It begins with the tale of two livers. There was the liver and onions that my grandmother so adored. She enthusiastically fried up them up on the regular while extolling the nutritional virtues of the meal. But in another house, there was the liver served by my beloved mother to her resistant daughters. Desiccated, leathery and reduced to a few small bites drowned in a lake of ketchup which had to be choked down, perhaps while holding one’s nose, before we were permitted to leave the table. It’s been more than 30 years since I’ve had beef liver on my dining room table. But one day I reached into the depths of the freezer and emerged with the package of neatly sliced strips of Lazy B beef liver and a plan.

Organ meats, including liver, have a rich nutrient content, unmatched by the more popular muscle meat. Liver is packed with Vitamin A, iron, B vitamins, magnesium and other vitamins/minerals. My mother recalls being prescribed liver by her doctor to treat her pregnancy-induced anemia. Ounce for ounce, liver delivered a nutritional punch. And pastured, grass-fed animals have not consumed the amount of antibiotics and hormones present in the feed of conventionally, factory farmed animals. Frequently, people express concern about eating the organ which filters toxins from the blood, however, it should be noted that those impurities are cleaned by but not stored within the liver.

Liver may not be for everyone – it has a distinctive taste which isn’t universally enjoyed. But, I encourage you to give it a try. This recipe removes the slightly metallic flavor of liver by soaking it in milk and quickly pan-fries the slices for a tender dinner, perfect with a side of buttery mashed potatoes. My crew of adolescent eaters declared our liver dinner “interesting” and “not awful” – far better than the tear-inducing, shoe leather experience of my own youth. And if all else fails, ketchup makes everything taste like, well, ketchup.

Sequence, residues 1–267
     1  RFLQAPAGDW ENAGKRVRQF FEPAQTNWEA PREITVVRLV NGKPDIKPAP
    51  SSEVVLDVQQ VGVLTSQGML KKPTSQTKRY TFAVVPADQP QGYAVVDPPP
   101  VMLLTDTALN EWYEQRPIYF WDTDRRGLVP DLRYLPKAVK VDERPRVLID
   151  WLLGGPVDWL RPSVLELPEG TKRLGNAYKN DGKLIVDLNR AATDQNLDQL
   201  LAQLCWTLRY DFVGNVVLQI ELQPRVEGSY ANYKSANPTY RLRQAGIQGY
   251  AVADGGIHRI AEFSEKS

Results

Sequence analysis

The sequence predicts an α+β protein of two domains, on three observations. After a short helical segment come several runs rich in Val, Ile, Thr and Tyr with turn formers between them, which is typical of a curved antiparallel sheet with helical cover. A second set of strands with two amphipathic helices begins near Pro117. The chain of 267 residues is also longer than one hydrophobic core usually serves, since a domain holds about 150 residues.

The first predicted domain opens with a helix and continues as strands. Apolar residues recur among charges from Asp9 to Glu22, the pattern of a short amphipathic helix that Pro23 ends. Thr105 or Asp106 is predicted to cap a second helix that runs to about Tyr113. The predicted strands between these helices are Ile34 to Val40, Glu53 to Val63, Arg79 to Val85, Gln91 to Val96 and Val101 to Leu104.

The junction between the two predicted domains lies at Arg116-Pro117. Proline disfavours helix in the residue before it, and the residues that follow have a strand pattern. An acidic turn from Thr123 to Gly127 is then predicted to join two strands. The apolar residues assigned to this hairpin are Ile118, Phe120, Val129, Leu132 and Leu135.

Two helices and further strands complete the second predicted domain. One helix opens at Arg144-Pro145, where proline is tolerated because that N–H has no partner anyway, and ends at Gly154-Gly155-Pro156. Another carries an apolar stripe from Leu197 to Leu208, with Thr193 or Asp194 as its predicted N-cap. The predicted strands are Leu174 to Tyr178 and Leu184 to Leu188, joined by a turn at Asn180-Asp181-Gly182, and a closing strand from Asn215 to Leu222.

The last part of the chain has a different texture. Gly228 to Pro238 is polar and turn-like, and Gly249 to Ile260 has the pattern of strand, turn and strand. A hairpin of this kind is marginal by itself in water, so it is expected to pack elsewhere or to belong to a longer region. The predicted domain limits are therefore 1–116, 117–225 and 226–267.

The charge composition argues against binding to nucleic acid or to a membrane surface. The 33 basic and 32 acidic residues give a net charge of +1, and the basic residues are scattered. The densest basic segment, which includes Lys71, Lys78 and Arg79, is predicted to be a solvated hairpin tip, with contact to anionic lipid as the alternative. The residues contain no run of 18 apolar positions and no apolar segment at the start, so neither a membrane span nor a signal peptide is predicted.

Liver and Onions (serves 4-6)

1.5-2 lbs liver, cut into ¼’ thick strips

1.5 cups milk

1 c. flour

2 Vidalia/sweet onions, thinly sliced into rings

4 T. butter, divided

Salt or seasoning salt



  1. Pat strips of liver dry with a paper towel and place in a bowl. Pour milk over, just covering the liver and leave to soak while cooking the onions.
  2. Melt 2 T. butter over medium low and add onions. Stir occasionally, cooking for 15-20 minutes until the onions turn golden brown. Salt to taste, remove from pan and set aside.
  3. In the meantime, place flour in a shallow bowl and stir in 1 t. salt and ½ t. pepper. Remove liver from milk and dredge slices in the flour, coating both sides.
  4. Melt 1 T. butter over medium heat in the now empty skillet and place strips of floured liver in the pan, careful not to crowd the slices or burn the butter. Cook until brown, 4 minutes then turn over for an additional 4 minutes. Be careful not to overcook and try not to turn more than once. The liver may be slightly pink when cut into. Repeat with final tablespoon of butter and remaining strips.
  5. Place strips on a serving platter and quickly toss the onions back into the skillet to warm for a few minutes before smothering the liver with them.
  6. Enjoy!


Hi, I’m Kjesti Easton, an enthusiastic home cook. I live on a small homestead in Madison, GA with my three hungry sons, husband, a few dozen hens and a garden. While there are plenty of chores outside, I find most enjoyment in the indoor, air-conditioned pursuits – knitting, sewing, baking, and cooking. Almost nothing makes me happier than sharing recipes, food and kitchen knowledge with others.